by Cody Northrup
I had the opportunity to visit the National World War I Memorial and Museum in Kansas City this month, and as a history teacher with a particular interest in the First World War, I wanted to share the experience with my fellow World War I aficionados. While the museum itself is fairly new, having just been opened in 2006, the memorial that sits above it has a history dating back nearly a century. In 1919, just months after the battlefields finally grew quiet after four years of combat, citizens of Kansas City felt the urge to pay a lasting tribute to the American participants in the war. They were able to quickly raise several million dollars, and the final product of their activism, completed in the 1920s, is a sight to behold. Describing the numerous statues and symbols that adorn the memorial deserves an article all its own, but the main attraction is the Liberty Memorial Tower, stretching 265 feet in the air. While exploring the memorial, it is difficult not to appreciate its majestic design.
Kansas City may not seem like the most obvious location for what the United States had deemed its official WWI museum, but it is an appropriate area for numerous reasons. The commanding general of the American Expeditionary Force, John J. “Black Jack” Pershing was born and raised just miles outside the city (the museum is actually located on Pershing Street), and an artillery captain in the war named Harry S. Truman, who went on to become President of the United States, came from neighboring Independence. Additionally, only seven states in the nation produced more Doughboys than did Missouri, which enlisted over 128,000 soldiers in all.
Onto the museum itself, I feel there are three strengths that should be highlighted. The first of these is the accessibility it provides to all audiences. History buffs will surely feel the greatest sense of awe when exploring the exhibits, but those with little background knowledge of the war can easily catch up on the context with the videos that play throughout the museum. Even children can stay involved by completing a scavenger hunt guide. The second strength is the museum’s ability to establish balance and impartiality. The first half of the exhibits cover the war from 1914–17, while the second half focuses on the United States’ involvement from 1917–18. I did not feel that the material presented any bias for or against any country. It is up to the viewer to make up his or her own mind based on the artifacts displayed. And while the Western Front deservedly receives much attention, lesser known topics such as the role of Asian powers in the war and the AEF Siberia receive some much-appreciated spotlight as well.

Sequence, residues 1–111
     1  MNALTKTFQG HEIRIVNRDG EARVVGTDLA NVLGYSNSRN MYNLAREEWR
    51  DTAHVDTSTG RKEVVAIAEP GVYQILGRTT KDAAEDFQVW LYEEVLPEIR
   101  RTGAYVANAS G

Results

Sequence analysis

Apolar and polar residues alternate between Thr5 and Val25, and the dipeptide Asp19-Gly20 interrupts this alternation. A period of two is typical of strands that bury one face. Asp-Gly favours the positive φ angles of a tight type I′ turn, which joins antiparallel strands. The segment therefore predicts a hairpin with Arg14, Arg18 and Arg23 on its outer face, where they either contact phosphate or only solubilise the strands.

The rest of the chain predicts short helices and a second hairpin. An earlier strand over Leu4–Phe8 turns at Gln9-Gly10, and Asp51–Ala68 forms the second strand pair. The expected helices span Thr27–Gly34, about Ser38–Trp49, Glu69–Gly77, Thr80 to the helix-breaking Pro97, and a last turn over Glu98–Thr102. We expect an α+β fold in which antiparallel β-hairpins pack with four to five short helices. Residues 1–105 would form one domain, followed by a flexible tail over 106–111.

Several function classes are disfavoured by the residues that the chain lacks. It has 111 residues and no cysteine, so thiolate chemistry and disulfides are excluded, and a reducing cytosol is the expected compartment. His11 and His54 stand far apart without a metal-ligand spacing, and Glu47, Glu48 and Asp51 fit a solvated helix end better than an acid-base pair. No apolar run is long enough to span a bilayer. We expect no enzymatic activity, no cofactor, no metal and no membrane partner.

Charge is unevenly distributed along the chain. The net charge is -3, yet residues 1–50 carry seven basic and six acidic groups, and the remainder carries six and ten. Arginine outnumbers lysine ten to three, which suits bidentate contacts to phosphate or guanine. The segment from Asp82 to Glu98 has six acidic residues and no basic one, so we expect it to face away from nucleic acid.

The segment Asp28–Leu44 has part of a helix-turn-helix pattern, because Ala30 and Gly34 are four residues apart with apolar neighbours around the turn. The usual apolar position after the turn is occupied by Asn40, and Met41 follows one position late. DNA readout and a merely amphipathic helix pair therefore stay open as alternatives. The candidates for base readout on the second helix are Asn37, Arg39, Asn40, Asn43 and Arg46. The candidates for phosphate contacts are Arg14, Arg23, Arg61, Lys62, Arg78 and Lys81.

The final strength is the somber atmosphere the museum is able to create. While the visit was an exciting experience, I feel that the First World War was a tragic event and appreciated the ability to reflect on it in such a way. Upon entering, visitors cross a glass bridge, suspended over a field of 9,000 (artificial) poppies. Each of these poppies represents 1,000 lives that were lost in combat. While I know that 9,000,000 is an enormous number, seeing the sacrifices before me in this visual way allowed me to better understand just how dramatic that number is.